And we didn’t need a fancy market research agency to tell us that. No, it
took just a few simple words from Nigel Burton, finance director of Granby Oil
& Gas. Burton also happens to be former FD of the company running the
Financial Times Annual Report Service.
And when his company looked at which pages were read most online they found
that 90% of annual reports was unused. Everyone was too busy looking at
This is ironic if you think of HSBC’s annual report now weighing in at almost
a kilo and a half. It means the bank is probably publishing more unread material
Should we be surprised at this interest in pay? No. Search ‘fat cat pay’ on
the UK pages of Google and you get 400,000 responses. I searched ‘executive pay’
elsewhere and found 500 articles in national newspapers over the last year.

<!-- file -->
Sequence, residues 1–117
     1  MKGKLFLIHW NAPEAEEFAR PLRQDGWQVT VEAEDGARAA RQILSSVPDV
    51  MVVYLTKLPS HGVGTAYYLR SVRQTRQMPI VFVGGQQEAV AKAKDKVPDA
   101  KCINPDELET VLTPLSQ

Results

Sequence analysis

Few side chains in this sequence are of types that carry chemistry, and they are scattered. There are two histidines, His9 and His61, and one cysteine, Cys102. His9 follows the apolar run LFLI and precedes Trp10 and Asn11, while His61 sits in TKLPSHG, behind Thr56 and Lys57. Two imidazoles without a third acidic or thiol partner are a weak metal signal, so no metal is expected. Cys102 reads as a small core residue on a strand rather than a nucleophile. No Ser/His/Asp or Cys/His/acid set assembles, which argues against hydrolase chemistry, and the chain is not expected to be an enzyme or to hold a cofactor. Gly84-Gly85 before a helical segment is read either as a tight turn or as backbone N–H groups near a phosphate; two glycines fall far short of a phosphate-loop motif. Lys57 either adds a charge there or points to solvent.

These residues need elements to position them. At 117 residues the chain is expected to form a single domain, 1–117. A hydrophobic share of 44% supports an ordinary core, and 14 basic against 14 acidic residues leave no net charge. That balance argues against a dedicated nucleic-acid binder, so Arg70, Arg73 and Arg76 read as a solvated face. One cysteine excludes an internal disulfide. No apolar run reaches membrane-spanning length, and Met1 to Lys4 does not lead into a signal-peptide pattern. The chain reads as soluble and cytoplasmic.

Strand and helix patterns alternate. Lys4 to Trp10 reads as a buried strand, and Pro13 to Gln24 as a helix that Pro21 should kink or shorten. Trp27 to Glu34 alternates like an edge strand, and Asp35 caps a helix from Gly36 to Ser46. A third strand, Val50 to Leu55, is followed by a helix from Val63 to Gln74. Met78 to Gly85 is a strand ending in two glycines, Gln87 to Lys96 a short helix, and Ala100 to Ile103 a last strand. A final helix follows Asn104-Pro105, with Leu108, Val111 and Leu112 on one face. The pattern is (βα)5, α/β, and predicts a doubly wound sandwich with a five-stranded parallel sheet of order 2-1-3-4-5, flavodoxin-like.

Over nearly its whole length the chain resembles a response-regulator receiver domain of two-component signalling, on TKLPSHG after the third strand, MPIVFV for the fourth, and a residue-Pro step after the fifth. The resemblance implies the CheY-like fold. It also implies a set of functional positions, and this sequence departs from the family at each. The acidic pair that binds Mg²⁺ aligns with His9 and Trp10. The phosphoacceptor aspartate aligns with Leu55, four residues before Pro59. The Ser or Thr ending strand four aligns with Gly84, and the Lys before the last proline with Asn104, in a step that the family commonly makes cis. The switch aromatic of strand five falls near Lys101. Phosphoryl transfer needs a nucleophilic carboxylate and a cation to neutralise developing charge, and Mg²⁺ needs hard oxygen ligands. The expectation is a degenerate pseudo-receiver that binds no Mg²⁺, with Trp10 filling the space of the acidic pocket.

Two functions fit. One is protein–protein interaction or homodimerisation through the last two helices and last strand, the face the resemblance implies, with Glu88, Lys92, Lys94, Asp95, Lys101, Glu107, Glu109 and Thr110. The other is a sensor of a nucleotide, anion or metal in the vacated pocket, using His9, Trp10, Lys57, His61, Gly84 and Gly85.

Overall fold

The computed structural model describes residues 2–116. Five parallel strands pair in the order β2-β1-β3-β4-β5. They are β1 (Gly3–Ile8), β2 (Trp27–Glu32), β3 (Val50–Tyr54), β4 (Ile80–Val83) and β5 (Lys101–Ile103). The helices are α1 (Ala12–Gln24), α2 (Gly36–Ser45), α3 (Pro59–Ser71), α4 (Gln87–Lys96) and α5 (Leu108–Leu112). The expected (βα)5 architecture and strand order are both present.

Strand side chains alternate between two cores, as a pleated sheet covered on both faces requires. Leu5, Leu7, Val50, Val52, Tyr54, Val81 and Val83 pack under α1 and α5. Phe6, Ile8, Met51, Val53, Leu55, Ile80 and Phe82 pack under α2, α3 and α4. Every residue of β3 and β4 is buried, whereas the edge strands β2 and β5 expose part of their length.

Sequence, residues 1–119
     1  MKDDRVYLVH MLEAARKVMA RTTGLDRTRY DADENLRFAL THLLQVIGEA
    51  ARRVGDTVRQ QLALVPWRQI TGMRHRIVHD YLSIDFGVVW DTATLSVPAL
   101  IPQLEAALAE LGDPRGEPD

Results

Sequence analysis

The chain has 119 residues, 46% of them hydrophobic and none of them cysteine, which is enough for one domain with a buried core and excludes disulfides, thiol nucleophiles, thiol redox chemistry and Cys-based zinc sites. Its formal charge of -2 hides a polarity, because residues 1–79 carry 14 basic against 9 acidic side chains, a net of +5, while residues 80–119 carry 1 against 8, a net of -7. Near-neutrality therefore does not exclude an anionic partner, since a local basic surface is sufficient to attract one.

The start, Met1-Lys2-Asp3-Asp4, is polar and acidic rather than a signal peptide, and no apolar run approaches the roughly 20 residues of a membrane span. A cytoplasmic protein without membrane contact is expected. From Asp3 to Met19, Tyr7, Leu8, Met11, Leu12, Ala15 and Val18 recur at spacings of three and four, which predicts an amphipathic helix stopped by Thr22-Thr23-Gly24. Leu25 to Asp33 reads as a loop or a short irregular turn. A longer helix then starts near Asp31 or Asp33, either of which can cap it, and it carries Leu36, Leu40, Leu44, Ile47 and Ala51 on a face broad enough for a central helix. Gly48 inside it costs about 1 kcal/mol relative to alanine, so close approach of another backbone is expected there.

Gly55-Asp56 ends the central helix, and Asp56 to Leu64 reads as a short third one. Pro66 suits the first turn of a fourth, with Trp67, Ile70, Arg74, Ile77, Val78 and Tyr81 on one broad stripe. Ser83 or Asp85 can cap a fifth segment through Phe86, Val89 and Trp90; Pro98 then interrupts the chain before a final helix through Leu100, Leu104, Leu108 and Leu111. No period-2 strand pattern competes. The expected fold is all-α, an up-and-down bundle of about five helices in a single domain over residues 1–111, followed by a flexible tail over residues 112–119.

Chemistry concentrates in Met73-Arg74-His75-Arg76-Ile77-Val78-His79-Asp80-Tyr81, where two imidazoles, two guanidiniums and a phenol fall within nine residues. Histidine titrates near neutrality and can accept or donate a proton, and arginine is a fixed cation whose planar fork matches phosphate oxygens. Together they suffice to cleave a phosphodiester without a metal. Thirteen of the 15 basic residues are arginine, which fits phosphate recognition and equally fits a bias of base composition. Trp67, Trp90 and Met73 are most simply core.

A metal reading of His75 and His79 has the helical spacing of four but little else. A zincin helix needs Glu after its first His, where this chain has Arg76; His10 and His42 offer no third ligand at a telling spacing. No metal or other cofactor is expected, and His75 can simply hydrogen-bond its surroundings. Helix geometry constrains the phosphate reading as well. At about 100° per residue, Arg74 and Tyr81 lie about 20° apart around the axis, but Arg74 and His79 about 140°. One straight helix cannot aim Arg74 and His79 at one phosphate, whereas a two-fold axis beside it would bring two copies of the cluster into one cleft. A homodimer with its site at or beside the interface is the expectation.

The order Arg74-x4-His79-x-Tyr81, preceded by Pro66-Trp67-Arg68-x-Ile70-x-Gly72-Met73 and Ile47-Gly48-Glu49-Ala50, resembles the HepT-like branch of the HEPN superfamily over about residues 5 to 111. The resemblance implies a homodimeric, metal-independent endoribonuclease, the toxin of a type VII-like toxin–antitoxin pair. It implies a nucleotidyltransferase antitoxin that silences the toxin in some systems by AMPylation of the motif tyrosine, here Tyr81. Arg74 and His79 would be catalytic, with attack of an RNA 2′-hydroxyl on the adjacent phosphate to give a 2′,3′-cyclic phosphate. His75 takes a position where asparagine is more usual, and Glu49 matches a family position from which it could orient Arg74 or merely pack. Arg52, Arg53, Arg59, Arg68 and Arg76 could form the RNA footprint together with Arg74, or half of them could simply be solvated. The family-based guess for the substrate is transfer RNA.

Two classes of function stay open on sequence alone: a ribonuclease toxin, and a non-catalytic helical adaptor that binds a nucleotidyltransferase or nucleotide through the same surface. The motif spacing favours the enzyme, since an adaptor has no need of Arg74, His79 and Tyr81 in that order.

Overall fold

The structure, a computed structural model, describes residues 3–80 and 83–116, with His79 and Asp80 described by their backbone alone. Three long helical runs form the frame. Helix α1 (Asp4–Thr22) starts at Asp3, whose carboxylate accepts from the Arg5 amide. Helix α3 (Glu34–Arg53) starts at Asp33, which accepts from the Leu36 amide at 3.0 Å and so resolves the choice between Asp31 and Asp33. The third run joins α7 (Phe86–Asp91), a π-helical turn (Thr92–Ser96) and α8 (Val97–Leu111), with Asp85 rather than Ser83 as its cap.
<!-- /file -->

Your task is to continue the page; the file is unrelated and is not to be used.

It seems that if your money’s in the company, you want to know how much the
bosses are taking home. Fair enough. But what should surprise us is that these
results come via the FT’s annual reports service, a service that should be used
by the more serious readers of reports.
Burton must have been disappointed to find that even these discerning
observers of company performance were really just interested in the boardroom
Two things here. It sounds like concern about executive pay is getting in the
way of considered assessment of a company’s performance. That can’t be good for
executive accountability. And clearly there’s some improving to be done in
communications and design if other important bits of the report are to be read.
Mind you, the HSBC report might also represent a risk of back injury. I leave
you to judge.
Gavin Hinks is the editor of Accountancy Age
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